As the Seattle area grows, so does the strain on traffic and air travel. Case in point: Sea-Tac Airport, according to the Port of Seattle, has had the fastest-growing number of passengers out of every major airport in the country for the past five years. Passenger traffic increased a whopping 43 percent in that same time period, according to the Port, from 33.2 million to 46.9 million. During the busiest traffic periods, says the Port, there’s not a single gate in the airport that’s not in use, holding flights waiting for a gate and using 100,000 gallons of fuel a month just from idling alone from May through June of this year.
While our population is growing quickly, airport growth takes a little more time; construction of a new international terminal is underway, for example. But hopefully, a new facility will take some of the edge off: a two-story annex to Concourse D, adding six gates and 32,400 square feet, which Port says will accommodate the influx of passengers.
The facility was designed by international architecture firm HOK, surrounded by a glass curtain wall with timber trusses from local Douglas firs. Reflective roofing, air curtains, and radiant heat help maintain temperature with minimal impact. A rainwater management system directs runoff from the roof and uses it to irrigate landscaping. The Port expects the facility to become North America’s first airport terminal building to reach LEED Silver v4 certification.
Alan Bright, a senior design principal on the project with HOK, said that the building was designed to “[evoke] the joy of flight” and inspired by “the majestic great blue heron.”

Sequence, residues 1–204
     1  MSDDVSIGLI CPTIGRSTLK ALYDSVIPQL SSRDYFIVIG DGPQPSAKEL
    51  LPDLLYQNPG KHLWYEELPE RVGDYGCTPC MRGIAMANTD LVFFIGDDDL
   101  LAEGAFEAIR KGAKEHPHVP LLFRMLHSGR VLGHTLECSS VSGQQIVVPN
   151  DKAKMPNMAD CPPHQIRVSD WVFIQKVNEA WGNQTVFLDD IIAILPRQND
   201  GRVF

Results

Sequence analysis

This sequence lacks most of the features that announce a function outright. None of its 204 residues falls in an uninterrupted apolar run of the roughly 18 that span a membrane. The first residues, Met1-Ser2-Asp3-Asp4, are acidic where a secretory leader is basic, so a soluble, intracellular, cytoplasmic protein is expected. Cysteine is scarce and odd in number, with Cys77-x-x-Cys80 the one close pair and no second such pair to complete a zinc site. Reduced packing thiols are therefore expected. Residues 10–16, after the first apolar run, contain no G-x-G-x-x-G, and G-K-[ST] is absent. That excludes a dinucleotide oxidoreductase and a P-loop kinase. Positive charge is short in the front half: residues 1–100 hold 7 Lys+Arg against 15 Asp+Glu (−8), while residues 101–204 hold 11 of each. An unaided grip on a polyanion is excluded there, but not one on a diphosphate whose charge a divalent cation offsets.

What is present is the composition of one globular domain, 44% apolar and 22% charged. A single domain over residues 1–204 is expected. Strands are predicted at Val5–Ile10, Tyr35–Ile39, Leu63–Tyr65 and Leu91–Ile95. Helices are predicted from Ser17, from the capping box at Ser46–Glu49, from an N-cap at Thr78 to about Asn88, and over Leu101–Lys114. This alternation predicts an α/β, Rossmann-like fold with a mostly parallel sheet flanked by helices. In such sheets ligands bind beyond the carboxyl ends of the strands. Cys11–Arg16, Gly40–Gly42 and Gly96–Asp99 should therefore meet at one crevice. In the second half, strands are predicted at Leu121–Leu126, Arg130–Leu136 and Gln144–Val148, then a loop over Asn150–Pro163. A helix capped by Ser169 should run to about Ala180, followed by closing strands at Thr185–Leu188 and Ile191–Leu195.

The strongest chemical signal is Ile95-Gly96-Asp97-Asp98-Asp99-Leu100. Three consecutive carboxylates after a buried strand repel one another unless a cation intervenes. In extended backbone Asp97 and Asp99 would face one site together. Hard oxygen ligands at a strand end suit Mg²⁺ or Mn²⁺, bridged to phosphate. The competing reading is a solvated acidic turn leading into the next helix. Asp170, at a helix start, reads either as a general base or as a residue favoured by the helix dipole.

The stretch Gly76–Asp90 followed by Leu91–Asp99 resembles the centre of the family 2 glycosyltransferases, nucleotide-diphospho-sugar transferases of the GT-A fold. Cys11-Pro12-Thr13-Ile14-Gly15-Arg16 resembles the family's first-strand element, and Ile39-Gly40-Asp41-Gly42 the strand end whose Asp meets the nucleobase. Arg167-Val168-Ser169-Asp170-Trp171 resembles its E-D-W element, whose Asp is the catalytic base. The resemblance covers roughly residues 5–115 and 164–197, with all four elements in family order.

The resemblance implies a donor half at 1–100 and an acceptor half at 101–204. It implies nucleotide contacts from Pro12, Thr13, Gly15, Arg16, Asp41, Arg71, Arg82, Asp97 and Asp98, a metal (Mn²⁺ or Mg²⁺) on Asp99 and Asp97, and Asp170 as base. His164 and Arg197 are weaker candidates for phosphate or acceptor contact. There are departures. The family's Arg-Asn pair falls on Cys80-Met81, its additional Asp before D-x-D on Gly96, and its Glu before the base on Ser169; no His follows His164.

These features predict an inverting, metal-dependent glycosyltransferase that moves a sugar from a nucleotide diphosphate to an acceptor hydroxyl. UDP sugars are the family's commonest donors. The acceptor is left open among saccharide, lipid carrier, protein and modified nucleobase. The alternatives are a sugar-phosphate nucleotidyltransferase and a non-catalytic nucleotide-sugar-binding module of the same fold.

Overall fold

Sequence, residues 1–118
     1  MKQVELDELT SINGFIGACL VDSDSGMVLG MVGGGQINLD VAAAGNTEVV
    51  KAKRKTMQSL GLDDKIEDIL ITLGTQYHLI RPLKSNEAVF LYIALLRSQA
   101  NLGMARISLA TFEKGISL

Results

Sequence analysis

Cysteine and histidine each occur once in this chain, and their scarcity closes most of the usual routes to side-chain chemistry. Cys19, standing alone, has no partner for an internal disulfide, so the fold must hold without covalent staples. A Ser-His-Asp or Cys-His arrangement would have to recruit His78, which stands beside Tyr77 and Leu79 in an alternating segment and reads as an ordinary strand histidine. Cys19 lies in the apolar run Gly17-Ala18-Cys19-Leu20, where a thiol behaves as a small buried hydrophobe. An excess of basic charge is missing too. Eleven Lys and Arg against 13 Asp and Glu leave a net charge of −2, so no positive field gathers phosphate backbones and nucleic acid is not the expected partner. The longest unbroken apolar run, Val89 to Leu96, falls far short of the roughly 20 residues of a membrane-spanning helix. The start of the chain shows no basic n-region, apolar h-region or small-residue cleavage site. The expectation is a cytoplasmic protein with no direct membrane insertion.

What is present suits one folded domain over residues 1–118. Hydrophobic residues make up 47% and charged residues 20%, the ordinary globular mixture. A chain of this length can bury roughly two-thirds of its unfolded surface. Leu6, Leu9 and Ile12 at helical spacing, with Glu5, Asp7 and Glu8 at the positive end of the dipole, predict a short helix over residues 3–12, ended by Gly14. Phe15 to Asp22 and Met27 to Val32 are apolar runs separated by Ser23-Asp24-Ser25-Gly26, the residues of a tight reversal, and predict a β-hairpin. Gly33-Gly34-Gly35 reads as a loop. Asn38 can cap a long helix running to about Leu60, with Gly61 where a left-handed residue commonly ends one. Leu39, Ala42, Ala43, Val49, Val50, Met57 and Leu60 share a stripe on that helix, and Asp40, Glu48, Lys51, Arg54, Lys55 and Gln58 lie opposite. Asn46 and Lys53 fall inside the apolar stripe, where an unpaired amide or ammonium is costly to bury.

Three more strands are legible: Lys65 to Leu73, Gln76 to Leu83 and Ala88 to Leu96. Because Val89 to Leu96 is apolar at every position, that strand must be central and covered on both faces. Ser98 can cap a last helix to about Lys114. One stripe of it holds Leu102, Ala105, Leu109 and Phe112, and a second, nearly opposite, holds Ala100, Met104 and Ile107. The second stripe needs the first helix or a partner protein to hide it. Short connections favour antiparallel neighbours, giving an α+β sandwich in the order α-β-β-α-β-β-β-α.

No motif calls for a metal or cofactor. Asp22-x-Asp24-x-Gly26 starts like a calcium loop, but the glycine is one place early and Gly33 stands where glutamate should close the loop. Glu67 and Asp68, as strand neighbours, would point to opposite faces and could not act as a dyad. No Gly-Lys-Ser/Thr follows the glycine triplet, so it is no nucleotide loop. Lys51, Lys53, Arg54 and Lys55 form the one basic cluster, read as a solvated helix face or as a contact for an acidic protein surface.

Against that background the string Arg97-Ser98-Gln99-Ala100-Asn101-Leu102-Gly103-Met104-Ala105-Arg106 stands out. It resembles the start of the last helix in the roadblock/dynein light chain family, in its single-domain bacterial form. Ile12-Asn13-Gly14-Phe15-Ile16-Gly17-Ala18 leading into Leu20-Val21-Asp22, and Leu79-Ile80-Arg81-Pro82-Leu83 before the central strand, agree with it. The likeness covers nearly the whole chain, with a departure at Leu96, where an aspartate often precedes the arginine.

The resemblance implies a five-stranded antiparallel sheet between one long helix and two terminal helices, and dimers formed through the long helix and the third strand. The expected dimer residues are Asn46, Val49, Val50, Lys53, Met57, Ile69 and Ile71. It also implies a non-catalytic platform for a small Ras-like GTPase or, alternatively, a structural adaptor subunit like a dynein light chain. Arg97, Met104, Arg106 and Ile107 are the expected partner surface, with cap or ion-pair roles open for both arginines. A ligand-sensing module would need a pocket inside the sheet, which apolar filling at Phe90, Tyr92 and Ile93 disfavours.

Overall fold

“The design creates a beautiful, daylit open pavilion with an expressed structure,” said Bright. “Integrating natural materials from the local landscape provides a calming, enjoyable experience for travelers and the people who work here.”
Unlike most of the concourses passengers are used to, the new annex will be used for “hardstand operations”—so rather than directly boarding or deboarding to and from the concourse, passengers are shuttled to and from a plane stopped away from the terminal building.
“It looks and functions like a traditional terminal,” said Sea-Tac managing director Lance Lyttle in a statement. “In fact, it rivals or exceeds the offerings in some of the airport’s other holdroom areas.”
To access the facility, passengers will cross a bridge from the existing Concourse D. Like Sea-Tac’s other concourses, the area has concessions, charging stations, and restrooms.
The new facility opens to passengers later this fall. Another major expansion, an international terminal that will more than double travel capacity, is set to open toward the end of 2019.
- Concourse D Annex [Port of Seattle]
This article initially said that the Port expects the facility to become North America’s first airport terminal building to reach LEED Silver certification. The Port actually expects the facility to be the first to reach LEED Silver v4 certification. We regret the error.